Apr 25, 2011 1
One of the most prevalent talking points leading up to the NFL Draft is the idea of the running back position being devalued. With the move toward more timeshare/RB-by-committee approaches in the NFL, the belief is that a team is better off waiting until the middle rounds to grab a RB who can be plugged in alongside a veteran and split time while receiving 10-12 touches per game. In other words, taking a RB in the 1st round isn’t worth it because you can draft someone of similar value to your offensive approach later.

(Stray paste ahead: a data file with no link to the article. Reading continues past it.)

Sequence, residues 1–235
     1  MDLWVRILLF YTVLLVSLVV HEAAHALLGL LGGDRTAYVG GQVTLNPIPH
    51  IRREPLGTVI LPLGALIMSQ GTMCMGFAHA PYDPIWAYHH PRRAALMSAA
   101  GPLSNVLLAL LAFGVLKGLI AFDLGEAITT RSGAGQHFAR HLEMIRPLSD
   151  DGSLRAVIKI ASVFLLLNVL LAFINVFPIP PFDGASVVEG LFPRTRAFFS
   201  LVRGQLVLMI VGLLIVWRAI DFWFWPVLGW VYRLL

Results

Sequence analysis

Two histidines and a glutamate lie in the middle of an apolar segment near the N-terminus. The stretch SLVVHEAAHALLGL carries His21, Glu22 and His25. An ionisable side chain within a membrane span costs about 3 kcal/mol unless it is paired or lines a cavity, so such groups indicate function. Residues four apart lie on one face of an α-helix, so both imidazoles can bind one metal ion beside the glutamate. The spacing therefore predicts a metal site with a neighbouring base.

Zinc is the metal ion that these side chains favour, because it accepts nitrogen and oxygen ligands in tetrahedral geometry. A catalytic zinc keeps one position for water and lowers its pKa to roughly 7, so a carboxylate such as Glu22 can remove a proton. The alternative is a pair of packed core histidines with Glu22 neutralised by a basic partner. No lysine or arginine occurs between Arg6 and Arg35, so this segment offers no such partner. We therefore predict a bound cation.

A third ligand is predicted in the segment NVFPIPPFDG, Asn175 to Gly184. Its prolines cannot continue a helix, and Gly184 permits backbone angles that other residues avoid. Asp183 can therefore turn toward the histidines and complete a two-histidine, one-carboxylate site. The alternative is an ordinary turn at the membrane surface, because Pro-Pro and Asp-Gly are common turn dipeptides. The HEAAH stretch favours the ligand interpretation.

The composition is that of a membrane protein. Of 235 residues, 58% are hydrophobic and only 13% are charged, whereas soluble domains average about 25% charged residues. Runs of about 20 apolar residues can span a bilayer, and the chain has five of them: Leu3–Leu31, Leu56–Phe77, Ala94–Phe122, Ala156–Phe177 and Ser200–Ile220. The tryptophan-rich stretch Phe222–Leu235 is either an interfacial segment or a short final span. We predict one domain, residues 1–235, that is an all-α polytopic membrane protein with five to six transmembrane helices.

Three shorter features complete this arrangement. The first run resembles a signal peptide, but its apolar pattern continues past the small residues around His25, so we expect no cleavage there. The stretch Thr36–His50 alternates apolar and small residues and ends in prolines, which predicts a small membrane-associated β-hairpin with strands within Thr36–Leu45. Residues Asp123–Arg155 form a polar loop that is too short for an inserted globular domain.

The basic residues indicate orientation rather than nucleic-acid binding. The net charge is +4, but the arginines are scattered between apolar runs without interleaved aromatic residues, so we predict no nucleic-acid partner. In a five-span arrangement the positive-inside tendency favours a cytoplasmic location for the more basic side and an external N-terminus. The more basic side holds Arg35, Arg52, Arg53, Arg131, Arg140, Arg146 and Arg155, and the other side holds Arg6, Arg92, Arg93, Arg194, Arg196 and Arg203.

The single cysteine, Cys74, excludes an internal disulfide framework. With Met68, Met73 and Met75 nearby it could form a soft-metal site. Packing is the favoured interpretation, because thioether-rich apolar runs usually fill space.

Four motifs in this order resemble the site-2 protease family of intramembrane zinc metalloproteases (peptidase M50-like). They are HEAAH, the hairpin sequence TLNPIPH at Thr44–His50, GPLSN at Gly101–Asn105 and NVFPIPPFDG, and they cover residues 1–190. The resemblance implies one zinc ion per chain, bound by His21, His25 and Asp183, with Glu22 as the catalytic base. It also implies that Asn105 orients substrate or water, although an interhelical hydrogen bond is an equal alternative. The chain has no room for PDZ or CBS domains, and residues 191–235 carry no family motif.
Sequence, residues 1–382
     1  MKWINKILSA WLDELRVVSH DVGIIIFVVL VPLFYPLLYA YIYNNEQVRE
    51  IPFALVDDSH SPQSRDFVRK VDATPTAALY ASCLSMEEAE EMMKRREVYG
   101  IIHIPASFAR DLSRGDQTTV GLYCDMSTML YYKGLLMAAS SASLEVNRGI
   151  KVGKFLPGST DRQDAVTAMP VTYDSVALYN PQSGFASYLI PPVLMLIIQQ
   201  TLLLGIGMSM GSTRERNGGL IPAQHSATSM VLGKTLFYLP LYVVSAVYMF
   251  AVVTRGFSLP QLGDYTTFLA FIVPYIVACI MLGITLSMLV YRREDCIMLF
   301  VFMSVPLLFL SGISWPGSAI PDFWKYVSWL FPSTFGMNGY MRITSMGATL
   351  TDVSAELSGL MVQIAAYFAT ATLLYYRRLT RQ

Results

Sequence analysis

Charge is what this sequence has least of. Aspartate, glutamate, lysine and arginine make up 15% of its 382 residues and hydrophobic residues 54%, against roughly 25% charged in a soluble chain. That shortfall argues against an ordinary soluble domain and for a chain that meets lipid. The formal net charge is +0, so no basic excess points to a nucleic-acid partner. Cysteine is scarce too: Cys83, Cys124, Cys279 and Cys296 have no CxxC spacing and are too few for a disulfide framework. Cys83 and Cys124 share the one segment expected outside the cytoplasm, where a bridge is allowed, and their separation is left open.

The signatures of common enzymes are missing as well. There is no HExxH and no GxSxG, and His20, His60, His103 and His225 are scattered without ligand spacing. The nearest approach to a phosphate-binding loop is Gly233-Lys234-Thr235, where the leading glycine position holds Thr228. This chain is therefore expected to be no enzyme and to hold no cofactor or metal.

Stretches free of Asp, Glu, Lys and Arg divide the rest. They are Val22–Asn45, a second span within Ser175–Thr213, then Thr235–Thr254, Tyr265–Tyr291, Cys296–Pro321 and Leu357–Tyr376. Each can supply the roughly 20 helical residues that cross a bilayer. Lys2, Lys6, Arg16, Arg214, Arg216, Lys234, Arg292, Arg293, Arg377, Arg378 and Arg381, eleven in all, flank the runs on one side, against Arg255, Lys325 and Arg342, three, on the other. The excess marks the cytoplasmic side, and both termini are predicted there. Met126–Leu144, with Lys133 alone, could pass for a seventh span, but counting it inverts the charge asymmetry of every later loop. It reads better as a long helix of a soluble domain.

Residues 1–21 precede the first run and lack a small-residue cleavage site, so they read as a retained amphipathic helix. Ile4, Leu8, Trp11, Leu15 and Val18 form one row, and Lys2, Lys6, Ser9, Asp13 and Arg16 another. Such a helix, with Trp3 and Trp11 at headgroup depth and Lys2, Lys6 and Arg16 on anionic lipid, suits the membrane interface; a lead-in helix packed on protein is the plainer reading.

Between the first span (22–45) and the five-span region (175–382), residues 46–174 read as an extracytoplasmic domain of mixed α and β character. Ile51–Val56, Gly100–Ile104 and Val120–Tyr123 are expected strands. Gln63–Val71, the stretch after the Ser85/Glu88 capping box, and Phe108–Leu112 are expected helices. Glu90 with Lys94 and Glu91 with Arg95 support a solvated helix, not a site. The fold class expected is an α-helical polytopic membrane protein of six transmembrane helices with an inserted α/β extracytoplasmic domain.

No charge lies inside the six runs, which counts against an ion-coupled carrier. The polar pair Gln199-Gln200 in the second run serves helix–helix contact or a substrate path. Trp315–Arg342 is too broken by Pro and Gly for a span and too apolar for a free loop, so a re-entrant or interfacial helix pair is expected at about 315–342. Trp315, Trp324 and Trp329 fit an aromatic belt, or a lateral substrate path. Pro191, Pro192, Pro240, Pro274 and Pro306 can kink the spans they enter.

In theory, the committee approach is rational. RBs have the shortest shelf life in the NFL, and by rotating backs and splitting carries, a team can reduce the wear and tear suffered by a RB and possibly extend careers. Of course, for “volume” runners like Marion Barber, the system isn’t very helpful, and for fantasy owners, it’s the source of endless frustration. But, as always, coaches and GMs aren’t concerned with helping your fantasy team.
We’re still in the early stages of the RBBC era, so it’s impossible to know how drafts will play out with RBs in the next few years. However, over the last several years, [...]